25th November 2018
Whisky Production: Maturation and Bottling
After distillation the spirit is not yet whisky. It must first be matured in oak casks for at least 3 years before bottling.
Why is whisky stored in wooden casks?
Whisky was originally consumed straight after distillation, without the mandatory wood maturation. Nobody knows for sure how this practice of oak maturation began. It has been suggested that because whisky was traditionally a seasonal product, it would be stored in containers for consumption throughout the year.
What these early whisky drinkers will have noticed is that after some time in contact with wood the spirit became much mellower. This is attributable to the reaction of the spirit with the wood and is one of the major contributing factors to today’s mandatory maturation period. Compounds within the wood, such as lactone, eugenol, and vanillin (responsible for the typical vanilla flavours), are pulled into the maturing spirit, contributing a variety of flavours and aromas. Additionally, the sharp aromas within the new make spirit are lost over time, resulting in a smoother whisky.
It is not only flavour that the wood contributes. The new make spirit, as it comes off the stills, is almost completely clear in colour. Whisky’s typical, golden colour is a direct result of the tannins from the wooden casks.
What the cask was previously filled with can also have a large impact on the final product. Due to laws governing its production, new barrels must be used for aging bourbon whiskey. This leaves an abundance of barrels that can’t be reused for bourbon maturation. Since there is no such law demanding Scotch whisky be matured in new barrels, many of the bourbon casks end up in Scotland. These casks then lend flavours of vanilla and caramel to the maturing Scotch whisky, typical characteristics of bourbon whiskey. Ex-sherry butts are also a popular choice, although the decline in the sherry industry over the past years makes them rarer and therefore more expensive. Sherry casks generally lend sweet, fruity flavours to the whisky.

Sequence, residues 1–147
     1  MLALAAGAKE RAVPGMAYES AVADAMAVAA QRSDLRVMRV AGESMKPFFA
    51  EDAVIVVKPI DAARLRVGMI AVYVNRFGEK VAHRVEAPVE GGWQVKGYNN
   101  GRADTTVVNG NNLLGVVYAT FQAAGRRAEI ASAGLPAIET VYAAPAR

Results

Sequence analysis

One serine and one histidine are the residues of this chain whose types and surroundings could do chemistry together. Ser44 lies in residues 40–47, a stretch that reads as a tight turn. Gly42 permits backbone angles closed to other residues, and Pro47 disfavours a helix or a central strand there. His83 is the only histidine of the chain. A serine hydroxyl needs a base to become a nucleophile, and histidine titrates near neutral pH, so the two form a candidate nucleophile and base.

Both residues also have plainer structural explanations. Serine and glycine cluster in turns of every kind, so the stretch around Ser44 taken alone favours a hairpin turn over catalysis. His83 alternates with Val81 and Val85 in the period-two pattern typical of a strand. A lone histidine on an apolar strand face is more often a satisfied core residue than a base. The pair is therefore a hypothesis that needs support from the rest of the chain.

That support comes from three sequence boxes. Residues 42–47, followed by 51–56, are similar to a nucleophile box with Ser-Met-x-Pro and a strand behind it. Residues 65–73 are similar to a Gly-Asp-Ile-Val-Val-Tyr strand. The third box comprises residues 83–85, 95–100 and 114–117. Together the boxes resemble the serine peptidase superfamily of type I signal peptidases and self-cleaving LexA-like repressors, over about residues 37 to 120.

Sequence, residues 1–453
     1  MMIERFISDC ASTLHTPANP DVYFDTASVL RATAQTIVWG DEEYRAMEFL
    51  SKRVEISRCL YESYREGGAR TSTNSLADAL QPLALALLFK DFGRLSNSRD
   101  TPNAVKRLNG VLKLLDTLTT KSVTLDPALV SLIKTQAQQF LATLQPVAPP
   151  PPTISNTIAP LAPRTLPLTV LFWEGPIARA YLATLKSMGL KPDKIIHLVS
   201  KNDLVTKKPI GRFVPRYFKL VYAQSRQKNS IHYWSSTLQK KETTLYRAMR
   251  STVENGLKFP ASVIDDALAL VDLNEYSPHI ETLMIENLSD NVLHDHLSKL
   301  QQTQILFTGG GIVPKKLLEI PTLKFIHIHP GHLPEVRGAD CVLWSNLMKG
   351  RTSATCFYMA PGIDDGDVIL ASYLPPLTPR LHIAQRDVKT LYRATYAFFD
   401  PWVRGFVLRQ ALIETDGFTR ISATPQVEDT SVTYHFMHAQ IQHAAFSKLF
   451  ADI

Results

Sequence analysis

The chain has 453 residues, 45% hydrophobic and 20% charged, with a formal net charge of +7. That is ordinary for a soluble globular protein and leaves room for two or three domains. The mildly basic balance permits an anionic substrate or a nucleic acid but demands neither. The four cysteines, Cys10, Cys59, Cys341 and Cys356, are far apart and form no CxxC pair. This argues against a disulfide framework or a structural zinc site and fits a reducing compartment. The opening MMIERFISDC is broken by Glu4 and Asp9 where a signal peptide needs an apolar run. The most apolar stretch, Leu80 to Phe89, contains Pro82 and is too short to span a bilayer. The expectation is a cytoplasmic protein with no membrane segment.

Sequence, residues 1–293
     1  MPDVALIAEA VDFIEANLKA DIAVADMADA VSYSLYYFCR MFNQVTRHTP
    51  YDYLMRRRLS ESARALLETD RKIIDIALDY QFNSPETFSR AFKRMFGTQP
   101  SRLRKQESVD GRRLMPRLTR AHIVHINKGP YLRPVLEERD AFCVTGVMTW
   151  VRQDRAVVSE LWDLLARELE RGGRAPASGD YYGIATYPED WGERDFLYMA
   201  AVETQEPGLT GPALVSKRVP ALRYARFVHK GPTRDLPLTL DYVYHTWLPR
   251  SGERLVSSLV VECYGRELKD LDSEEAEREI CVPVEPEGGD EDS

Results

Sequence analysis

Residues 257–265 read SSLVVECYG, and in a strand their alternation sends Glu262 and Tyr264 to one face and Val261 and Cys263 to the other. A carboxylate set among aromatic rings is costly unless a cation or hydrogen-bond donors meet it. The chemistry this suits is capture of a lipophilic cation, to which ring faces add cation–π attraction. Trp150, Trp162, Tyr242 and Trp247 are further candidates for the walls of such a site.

Once filled, the whisky barrels are transferred to the warehouse for storage. Traditionally, the whisky was stored in stone-built dunnage warehouses. Here the barrels were stored on their sides and stacked up on wooden racks. With industry expansion in recent years and the resulting need for higher inventories, it is becoming more common for large, multi-storey warehouses to be used and for the barrels to be stored upright on pallets, essentially maximising storage space. Each warehouse style has both advantages and disadvantages, balancing the efficient use of space against extraction from the wood.
Temperature changes in the warehouse cause the pores in the wood to expand and contract, allowing the spirit to flow in and out of the staves. This leads to the extraction of flavour compounds as mentioned above. Additionally, many of the casks are charred on the inside, providing a layer of carbon that acts as a filter, cleansing the spirit of unwanted compounds. As oak is porous, the whisky is also able to breath. Over time, some of the alcohol will evaporate from the cask, known as the angels’ share, leading to a change in flavours as the concentrations of alcohol, water and other compounds changes.